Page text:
Empty Messages


During Covid-19, my family has stayed home together for most of the time.  Ben has worked, all four kids attended online school, and I’ve continued writing.  Even during the summer, we’ve generally remained in our house.  So, we’ve developed a few habits, including one in which we text on a family chat instead of talking face-to-face for every discussion.  It’s easier than yelling for everyone to assemble when we must make decisions.  We yell enough without adding to the noise when a text will suffice.  Usually, the texts are innocuous, like what do we want for lunch?  But a couple of times, someone pushed send before they’d typed any words into the text message.  The texts popped up containing the words, “empty message.” 

I feel like we send and receive a lot of empty messages these days because we talk a lot, but often our words lack value.  Or the opposite is true, we don’t say anything when we could contribute words with significance.  Do we have a worthy purpose in speaking (even if we might upset some people) or are we just talking to stir up people’s negative emotions?  Some of us have spent so much time arguing that we don’t seem to know another way to function in the world.

In a familiar passage, the Bible says, “If I speak in the tongues of men or of angels, but do not have love, I am only a resounding gong or clanging cymbal.”  I Cor. 13:1 (NIV).  Another translation says that if I do not speak with love, “I’m nothing but the creaking of a rusty gate.” (MSG).  Unless love motivates and inspires our words, it doesn’t matter how eloquent the words are or even how truthful.  We can speak clearly and persuasively, but if our purpose is not rooted in love, the words fail to reach the hearts and minds of others in a positive, uplifting way.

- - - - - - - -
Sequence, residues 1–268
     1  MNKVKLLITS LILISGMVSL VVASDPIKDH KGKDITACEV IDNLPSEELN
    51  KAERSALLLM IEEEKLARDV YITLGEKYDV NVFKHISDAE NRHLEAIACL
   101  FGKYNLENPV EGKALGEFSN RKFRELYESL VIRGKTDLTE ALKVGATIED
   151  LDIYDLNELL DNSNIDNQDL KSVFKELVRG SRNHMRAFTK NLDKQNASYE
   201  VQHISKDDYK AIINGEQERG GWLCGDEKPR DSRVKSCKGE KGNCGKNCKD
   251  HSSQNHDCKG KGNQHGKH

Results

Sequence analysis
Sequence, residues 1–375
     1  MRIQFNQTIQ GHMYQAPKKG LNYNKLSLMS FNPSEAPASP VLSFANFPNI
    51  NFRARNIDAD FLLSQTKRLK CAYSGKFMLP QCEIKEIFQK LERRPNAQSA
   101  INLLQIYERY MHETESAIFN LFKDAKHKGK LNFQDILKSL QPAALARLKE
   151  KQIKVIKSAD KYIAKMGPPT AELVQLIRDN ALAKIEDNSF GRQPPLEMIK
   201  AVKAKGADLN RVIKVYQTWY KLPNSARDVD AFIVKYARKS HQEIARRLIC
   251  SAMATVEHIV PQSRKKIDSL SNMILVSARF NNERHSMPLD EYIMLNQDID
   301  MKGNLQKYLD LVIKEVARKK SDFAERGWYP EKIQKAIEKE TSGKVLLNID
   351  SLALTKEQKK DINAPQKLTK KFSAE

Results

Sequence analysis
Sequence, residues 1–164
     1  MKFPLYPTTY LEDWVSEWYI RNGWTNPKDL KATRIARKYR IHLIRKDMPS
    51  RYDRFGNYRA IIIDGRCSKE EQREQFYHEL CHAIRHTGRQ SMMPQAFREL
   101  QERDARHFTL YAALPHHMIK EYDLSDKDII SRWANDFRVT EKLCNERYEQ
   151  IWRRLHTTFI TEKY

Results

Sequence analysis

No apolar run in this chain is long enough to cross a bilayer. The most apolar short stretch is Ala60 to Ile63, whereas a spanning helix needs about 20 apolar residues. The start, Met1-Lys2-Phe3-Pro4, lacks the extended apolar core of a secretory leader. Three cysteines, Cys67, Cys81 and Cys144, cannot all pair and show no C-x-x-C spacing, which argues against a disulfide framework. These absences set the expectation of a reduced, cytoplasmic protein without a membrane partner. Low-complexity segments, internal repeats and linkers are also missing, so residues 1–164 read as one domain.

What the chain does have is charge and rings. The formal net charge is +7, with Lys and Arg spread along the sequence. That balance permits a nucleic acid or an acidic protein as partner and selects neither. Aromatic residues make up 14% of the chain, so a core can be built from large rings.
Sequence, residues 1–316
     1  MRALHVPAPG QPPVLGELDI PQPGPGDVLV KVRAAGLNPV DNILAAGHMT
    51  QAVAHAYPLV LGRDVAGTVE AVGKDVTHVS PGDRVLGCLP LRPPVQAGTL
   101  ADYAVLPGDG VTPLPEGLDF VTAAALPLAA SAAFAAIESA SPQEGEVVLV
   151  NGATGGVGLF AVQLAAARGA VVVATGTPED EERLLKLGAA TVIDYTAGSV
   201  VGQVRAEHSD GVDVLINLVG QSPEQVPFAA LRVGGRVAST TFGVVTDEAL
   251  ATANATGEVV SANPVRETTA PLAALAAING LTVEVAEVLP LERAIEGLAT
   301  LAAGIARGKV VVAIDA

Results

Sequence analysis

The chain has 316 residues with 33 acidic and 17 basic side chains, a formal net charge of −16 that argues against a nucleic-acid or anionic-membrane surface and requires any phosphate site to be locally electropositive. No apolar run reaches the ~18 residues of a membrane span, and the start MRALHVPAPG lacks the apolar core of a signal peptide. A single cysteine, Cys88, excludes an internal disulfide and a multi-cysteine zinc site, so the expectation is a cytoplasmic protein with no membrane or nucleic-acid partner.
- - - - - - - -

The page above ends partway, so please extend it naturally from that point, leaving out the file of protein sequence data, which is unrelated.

When we do not speak from a place of love, we may speak from fear instead.  We fear being wrong, so we justify our positions no matter what.  We don’t want to feel vulnerable, so we deflect and defend instead of apologizing.  We don’t want to be hurt, so we hurt the other person first with words we can’t take back.  We spew hate because we worry that we will be displaced, become irrelevant, or fear people who may seem different from us.  

Similarly, when we do not speak, we may believe our goal is to keep the peace, but our lack of action may be based on fear, not love, in the face of injustice or unfairness.  We don’t want to be criticized, so we stay silent.  But failure to speak is not only a problem when the words are difficult.  We decline to send a kind word to another out of fear of rejection.   

In order to decide if our words are grounded in love, we must make a habit of taking a moment to assess before we act.  We need to pray and seek God’s wisdom to center ourselves in a spirit of love.  We must examine our purposes and motivations.  If we want to encourage and build up others, let us speak.  When we feel compelled to speak up to avoid silent complicity, let us speak with love to demonstrate that love to the oppressed.  When we feel led to reach out to another in love, we should follow that instinct.  

We cannot allow ourselves to fall into the trap of empty messages that do not serve God’s greater purpose.  God can speak to others through our words and can change hearts and minds if we commit to communicating in love.  God’s love speaks volumes.  May God help us further his love with our words.   

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